• Make a short list of 10 schools (and programmes) that you will apply to. Are they simply ‘greenifying’ their existing programme or is sustainability at their core? It should be a harmonious match, so check the MBA ranking sites and think about the size of the opportunity within your business.

• Attend a campus networking event. These will be listed on the business school’s website. Investigate student organisations – Is there a Green Entrepreneurship group that you could give presentation at?

• Write a well crafted internship placement and submit it the relevant business school. Candidates pick their own internships, so light up their fire with dynamic opportunities within your business.

Top UK Green MBAs

Compared with the US and Canada, the UK is severely lacking in MBA programmes with a specifically ethical or green edge. The ‘Beyond Grey Pinstripes‘ list, compiled biennially by the Aspen Institute, ranks MBAs across the globe based on their social and environmental focus. Overall, British MBAs are increasingly offering modules and electives in line with the business concerns of tomorrow; and perhaps there is something more appealing about embedding ethical issues throughout the programme, rather than offering a separate curriculum altogether.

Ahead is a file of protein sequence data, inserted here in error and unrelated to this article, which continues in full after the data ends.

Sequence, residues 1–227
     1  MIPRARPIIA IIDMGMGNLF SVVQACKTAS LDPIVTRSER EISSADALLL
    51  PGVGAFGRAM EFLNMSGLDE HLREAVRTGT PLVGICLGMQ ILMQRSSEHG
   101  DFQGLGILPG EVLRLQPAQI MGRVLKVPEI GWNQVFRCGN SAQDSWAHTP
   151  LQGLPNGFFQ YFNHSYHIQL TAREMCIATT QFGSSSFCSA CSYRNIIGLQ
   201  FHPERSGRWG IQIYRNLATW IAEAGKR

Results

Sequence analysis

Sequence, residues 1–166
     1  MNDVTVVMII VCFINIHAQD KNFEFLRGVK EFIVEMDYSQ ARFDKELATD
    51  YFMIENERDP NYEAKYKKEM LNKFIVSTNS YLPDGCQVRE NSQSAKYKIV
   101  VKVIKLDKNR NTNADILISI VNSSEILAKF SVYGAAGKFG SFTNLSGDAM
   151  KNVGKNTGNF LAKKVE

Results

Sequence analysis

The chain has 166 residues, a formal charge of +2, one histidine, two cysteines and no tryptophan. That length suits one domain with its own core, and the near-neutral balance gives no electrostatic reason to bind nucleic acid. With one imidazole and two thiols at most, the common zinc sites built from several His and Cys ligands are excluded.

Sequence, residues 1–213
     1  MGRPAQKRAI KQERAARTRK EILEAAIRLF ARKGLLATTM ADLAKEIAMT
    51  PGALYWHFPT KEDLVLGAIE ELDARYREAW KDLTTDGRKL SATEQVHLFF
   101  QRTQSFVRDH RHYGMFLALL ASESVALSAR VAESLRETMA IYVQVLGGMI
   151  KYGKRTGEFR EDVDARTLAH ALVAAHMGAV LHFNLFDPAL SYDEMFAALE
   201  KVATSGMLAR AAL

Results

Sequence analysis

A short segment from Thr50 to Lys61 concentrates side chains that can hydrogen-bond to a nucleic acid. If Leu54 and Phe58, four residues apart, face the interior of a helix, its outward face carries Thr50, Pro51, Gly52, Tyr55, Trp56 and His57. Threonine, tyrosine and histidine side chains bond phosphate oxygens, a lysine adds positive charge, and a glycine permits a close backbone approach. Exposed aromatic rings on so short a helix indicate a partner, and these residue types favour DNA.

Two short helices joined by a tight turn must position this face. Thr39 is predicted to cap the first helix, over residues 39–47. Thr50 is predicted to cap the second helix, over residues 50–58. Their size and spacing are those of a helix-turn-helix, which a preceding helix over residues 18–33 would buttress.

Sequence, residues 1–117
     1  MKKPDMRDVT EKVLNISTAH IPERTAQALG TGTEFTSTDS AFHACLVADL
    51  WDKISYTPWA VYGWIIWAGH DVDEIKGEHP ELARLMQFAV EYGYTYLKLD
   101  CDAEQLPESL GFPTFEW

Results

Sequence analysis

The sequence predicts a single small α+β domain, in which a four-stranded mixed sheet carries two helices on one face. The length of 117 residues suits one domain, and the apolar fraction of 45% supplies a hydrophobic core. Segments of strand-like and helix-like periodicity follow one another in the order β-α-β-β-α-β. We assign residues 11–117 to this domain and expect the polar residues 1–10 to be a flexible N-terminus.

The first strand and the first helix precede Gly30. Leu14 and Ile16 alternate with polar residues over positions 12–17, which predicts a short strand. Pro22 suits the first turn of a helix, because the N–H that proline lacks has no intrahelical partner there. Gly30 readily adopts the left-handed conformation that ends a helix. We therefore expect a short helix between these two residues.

Still, to start with try these three programmes:

  • University of Exeter ‘One Planet MBA: Working in partnership with WWF and 11 major businesses with the aim of ‘producing unique planet-minded business leaders’. The course won a Green Gown award in the Courses category for its innovative and interdisciplinary programme.

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About the Author

Ashley is an American writer now making a life in the UK. She has a passion for exploring ethical actions and mindfulness in all things. Writing about her transcontinental observations and continually learning make her truly happy.